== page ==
Brent Randall is a JD candidate at the University of Ottawa.
Kimberly-Clark, manufacturer of infant diapers and training pants under the Huggies brand name, was recently denied a motion to dismiss a counterclaim made against it regarding patents for its products. First Quality Baby Products claims that Kimberly-Clark, “uses its patents to disrupt competitors and to maintain a monopoly in the disposable diaper and training pants market.”
According to the Pennsylvania judgment, Kimberly-Clark currently maintains 35% of the market share for disposable baby diapers and a 75% market share in the training pants market. First Quality claims that it is this financial strength that enables Kimberly-Clark to drain the resources of private label manufacturers through “sham litigation” as a means to protect their market share. First Quality alleges such litigation is a “sham” because Kimberly-Clark litigates to enforce patents that are either invalid, procured through fraud on the patent office, or not actually infringed.
Since the decision was only regarding the motion to dismiss, much of the evidence is minimally weighed for the sake of finding that the allegations are sufficiently justified to continue to trial. Regardless of the actions of Kimberly-Clark in this case, the decision does bring up a topic worth considering: what is anti-competitive behaviour in the Canadian patent context?
It is important to distinguish the line between the monopoly legally given to a patent holder and anti-competitive behaviour. As Binnie J. wrote in Apotex Inc. v. Wellcome Foundation Ltd., “[a] patent…is a method by which inventive solutions to practical problems are coaxed into the public domain by the promise of a limited monopoly for a limited time.” The US Department of Justice and Federal Trade Commission collaborated on a report addressing the balance between IP protection and competition in 2007. The report proceeded on the basis that patent rights and competition laws are intended to work together to bring better technologies and products to consumers at lower prices.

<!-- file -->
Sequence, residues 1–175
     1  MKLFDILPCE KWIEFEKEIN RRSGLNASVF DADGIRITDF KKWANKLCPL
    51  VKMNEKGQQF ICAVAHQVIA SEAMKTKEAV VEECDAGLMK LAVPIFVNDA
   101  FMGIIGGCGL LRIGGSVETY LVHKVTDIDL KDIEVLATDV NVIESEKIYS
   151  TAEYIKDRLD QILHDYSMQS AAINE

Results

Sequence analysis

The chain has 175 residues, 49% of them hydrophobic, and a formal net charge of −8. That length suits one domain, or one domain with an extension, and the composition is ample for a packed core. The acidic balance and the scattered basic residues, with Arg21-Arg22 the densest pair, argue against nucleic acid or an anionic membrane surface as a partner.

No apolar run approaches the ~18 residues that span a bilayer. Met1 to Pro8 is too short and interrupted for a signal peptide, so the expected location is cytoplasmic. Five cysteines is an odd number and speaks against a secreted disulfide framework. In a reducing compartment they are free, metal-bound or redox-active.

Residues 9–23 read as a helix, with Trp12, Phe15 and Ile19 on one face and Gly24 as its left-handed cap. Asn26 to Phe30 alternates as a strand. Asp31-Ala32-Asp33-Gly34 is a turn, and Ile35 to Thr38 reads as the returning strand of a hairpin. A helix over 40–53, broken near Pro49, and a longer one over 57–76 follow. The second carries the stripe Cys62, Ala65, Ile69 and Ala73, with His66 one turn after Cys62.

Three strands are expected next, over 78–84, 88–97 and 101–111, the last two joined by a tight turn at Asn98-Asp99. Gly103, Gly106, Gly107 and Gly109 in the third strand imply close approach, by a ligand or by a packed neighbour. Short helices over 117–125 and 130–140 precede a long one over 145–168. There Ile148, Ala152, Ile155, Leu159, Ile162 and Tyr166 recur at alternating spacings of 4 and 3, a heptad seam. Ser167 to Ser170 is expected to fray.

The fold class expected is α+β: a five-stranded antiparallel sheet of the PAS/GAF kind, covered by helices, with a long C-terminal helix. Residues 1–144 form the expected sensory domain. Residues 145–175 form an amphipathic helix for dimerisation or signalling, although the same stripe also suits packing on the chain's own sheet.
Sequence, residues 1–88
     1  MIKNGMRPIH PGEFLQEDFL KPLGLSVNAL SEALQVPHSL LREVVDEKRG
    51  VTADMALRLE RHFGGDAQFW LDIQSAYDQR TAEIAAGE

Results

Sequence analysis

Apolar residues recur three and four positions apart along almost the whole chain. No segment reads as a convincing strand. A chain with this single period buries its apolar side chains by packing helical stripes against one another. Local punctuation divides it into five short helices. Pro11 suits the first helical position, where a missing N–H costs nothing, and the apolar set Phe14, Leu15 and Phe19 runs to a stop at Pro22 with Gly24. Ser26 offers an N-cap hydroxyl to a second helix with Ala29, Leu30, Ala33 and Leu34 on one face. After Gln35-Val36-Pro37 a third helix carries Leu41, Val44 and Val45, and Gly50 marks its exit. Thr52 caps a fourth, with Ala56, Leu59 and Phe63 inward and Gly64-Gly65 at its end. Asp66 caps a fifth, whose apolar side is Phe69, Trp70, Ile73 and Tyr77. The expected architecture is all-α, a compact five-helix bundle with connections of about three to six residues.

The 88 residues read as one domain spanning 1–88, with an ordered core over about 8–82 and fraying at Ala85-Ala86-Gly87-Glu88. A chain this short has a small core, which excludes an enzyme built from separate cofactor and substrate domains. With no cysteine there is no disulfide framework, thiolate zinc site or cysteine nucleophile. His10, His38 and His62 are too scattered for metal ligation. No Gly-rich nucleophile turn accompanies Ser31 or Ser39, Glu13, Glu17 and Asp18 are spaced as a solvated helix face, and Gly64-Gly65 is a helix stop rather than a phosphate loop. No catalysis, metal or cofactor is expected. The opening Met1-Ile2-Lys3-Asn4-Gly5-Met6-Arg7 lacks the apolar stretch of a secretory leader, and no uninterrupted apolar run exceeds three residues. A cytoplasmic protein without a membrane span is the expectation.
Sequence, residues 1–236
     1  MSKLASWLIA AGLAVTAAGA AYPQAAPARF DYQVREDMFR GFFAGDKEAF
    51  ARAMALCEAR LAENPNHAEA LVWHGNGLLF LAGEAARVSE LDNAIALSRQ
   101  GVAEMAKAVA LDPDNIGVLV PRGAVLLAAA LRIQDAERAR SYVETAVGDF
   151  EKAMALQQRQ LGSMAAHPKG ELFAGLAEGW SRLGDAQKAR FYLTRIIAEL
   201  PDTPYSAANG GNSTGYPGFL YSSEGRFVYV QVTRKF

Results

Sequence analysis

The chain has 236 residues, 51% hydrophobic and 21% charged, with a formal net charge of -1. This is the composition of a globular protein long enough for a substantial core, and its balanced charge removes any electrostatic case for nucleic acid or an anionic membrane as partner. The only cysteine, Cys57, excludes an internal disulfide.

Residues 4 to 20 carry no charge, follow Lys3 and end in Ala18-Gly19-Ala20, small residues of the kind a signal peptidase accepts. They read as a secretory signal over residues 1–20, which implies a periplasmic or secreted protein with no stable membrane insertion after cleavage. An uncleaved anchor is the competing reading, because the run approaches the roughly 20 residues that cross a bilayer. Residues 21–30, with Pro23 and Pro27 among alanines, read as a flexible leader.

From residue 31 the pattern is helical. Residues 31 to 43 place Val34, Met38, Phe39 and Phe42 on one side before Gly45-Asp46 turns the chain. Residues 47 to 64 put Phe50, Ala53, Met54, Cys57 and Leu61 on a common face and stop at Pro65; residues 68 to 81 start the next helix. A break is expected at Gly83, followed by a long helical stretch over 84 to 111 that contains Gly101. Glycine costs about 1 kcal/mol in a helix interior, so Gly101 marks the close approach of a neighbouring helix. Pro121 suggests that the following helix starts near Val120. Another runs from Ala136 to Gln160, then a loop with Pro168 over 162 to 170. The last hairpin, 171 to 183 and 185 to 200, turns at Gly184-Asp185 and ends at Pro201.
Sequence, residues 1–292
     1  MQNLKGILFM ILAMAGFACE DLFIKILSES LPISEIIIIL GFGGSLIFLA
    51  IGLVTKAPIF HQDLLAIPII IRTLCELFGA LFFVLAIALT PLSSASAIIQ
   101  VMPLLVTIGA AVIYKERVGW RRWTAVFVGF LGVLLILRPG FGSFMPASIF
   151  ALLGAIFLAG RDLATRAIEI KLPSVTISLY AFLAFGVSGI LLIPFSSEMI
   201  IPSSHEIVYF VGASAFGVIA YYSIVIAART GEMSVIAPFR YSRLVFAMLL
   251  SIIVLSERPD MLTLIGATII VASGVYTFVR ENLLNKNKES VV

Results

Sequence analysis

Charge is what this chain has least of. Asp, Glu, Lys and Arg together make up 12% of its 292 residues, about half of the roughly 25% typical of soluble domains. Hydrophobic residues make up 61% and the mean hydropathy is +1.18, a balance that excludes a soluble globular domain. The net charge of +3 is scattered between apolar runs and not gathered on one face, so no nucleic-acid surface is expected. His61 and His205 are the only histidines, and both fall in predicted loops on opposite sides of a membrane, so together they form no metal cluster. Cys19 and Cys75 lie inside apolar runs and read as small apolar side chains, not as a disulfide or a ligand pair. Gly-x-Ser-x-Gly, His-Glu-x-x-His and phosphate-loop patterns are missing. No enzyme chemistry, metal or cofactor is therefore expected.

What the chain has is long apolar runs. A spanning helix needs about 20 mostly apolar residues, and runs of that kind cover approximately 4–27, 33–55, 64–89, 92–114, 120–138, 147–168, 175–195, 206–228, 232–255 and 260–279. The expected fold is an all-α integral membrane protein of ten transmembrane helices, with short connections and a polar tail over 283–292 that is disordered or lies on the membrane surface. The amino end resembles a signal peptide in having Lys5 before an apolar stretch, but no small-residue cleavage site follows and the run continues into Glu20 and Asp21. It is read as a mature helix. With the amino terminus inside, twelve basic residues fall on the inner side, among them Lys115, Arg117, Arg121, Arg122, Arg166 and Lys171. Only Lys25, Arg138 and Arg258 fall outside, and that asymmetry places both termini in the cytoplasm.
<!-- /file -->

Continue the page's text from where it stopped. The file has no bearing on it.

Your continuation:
The recent Ontario Court of Appeal case of Harris v. Glaxosmithkline also contemplated the differentiation between “…monopoly, in the anti-competitive, unlawful sense of the word, and an intellectual property right, such as a patent.” The case points to section 79(5) of the Canadian Competition Act which specifically excludes the enjoyment of a right derived under the Patent Act from those acts deemed anti-competitive. Recognizing that patent rights can be abused in ways that may be anti-competitive, section 32(d) of the Competition Act gives the Federal Court the ability to restrict their conduct or grant licences where they deem proper.
Section 79(1) of the Competition Act seems to be very useful in determining when patent rights, like those Kimberly-Clark protects with its Huggies brand, are utilized for anti-competitive acts. The section states that if the Competition Tribunal finds a party completely controls an area of business throughout Canada, that is engaged in anti-competitive acts which may be impacting competition in the market, the Tribunal can order the prohibition of such practices. This section refers to the abuse of a position of dominance. In Kimberly-Clark’s case, the success of their patent has enabled them to claim a significant share of the market that potentially puts them in the position of dominance that is referenced. It appears that when any patent brings its creator enough success that they are a major force in the market, there is an increased chance that the protection of those patent rights may cross the line into anti-competitive action.
Kimberly-Clark has several problems that need to be addressed in the continuing litigation with First Quality. Not only must they show that their patents were not obtained fraudulently and have been infringed, but they must also show that the means by which they go about protecting their rights is not an abuse of their market dominance.